My sarcoma story begins in 2005. What I thought was a charley horse in my left calf for about nine months turned out to be a Synovial Sarcoma inside my Soleus muscle. Quite by luck, my first doctor sent me to the University of Minnesota Masonic Cancer Center rather than “cut it out first and then biopsy” – which is not good for sarcomas! During my first visit to the Masonic Cancer Center, I was afraid but confident it was the right place. I had expected a long drawn out assessment, but Dr. Clohisy had me on the table taking needle a biopsy first thing. He said that Sarcoma tumors are relatively rare, but they are the only thing he and his specialized team treat.
After nine months of chemo, surgery and radiation, the team was able to “salvage” my leg. They had been telling me it would most likely require amputation. In fact, they said 10 years earlier, amputation would have been automatic but newer therapies allowed limb salvage.
Early in my treatments, Dr. Clohisy recommended I attend the Rein in Sarcoma picnic for sarcoma patients, survivors, and families. My wife and I attended and met Pete and Sue who had lost their daughter, as well as several sarcoma survivors. They have all welcomed us and shown a great amount of support. We have tried to volunteer and donate over the years to show our appreciation for the great job RIS does.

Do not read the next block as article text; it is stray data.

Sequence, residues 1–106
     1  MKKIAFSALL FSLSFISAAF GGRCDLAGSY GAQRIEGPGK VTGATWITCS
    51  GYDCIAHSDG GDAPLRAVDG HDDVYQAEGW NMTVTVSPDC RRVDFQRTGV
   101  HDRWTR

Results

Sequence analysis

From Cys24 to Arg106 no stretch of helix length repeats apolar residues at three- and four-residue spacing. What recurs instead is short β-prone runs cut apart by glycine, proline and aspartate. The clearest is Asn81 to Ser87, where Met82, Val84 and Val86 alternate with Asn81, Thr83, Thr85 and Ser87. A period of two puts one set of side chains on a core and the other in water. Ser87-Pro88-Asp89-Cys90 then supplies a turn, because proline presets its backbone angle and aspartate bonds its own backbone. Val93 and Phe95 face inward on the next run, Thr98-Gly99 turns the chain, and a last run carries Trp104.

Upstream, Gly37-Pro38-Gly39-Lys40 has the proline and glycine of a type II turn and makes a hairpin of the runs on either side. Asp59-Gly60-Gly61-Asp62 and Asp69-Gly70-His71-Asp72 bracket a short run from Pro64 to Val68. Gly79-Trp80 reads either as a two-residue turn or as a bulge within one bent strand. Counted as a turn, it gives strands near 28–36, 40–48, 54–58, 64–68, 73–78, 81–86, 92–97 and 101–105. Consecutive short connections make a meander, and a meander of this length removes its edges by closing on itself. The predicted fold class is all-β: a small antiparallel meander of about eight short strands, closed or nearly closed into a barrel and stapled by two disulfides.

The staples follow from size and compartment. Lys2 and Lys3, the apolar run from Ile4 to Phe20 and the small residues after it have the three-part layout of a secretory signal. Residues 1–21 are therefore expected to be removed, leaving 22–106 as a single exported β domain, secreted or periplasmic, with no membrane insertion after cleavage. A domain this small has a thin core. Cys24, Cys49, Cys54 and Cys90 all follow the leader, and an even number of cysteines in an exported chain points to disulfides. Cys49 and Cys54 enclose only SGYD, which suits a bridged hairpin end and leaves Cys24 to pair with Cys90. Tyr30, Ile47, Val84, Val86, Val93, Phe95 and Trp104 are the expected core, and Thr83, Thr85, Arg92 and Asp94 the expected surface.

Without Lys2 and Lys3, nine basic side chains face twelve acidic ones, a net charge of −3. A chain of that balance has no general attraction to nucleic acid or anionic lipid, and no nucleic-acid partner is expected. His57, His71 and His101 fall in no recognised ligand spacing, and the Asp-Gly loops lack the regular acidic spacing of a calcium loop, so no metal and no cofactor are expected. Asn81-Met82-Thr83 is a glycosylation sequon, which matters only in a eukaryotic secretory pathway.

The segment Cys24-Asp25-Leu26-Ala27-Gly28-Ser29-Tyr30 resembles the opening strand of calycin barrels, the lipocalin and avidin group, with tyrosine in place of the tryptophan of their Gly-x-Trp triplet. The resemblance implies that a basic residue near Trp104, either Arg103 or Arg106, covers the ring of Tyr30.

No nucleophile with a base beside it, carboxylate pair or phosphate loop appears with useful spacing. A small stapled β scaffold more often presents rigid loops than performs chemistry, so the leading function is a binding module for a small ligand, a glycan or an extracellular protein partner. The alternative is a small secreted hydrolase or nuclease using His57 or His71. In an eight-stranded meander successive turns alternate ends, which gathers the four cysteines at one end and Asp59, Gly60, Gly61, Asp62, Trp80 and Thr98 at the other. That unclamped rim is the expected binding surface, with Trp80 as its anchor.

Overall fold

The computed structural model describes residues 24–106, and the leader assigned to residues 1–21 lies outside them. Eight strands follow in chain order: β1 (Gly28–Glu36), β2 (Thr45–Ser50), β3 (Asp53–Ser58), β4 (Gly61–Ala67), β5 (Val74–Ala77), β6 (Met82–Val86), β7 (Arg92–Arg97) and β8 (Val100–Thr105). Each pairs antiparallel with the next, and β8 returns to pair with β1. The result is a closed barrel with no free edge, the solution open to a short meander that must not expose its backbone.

So, 15 years after the removal of my soleus muscle and seven weeks of radiation, I have walked with a limp and have almost daily aches and pains. I am grateful to be alive and have a leg. I accept the pain as part of the deal. In 2019, my wife and I attended a University of Minnesota Survivorship. We were happy to see Janelle and others from RIS exhibiting there. One of the seminars had to do with nutrition and exercise correlating to secondary cancers in survivors. By chance, we ran into family friends who told us the speaker for that session was their daughter’s breast cancer oncologist and she was fantastic. Dr. Blaes made quite an impression on us and we went to see her afterwards to enroll in the long-term survivor program at the University of Minnesota.
One of the things Dr. Blaes suggested was attending physical therapy to help my damaged leg function. The progress in using my leg and being able to walk better with less pain far exceeded my expectations. The staff at Stepping Stone Physical Therapy were a godsend.
In summary, getting involved with Rein in Sarcoma and the UMN Masonic Cancer Center has brought us much healing and support. I strongly recommend both organizations to sarcoma patients and survivors!
Check out the University of Minnesota 2021 Virtual Survivorship Conference scheduled for April 17, 2021.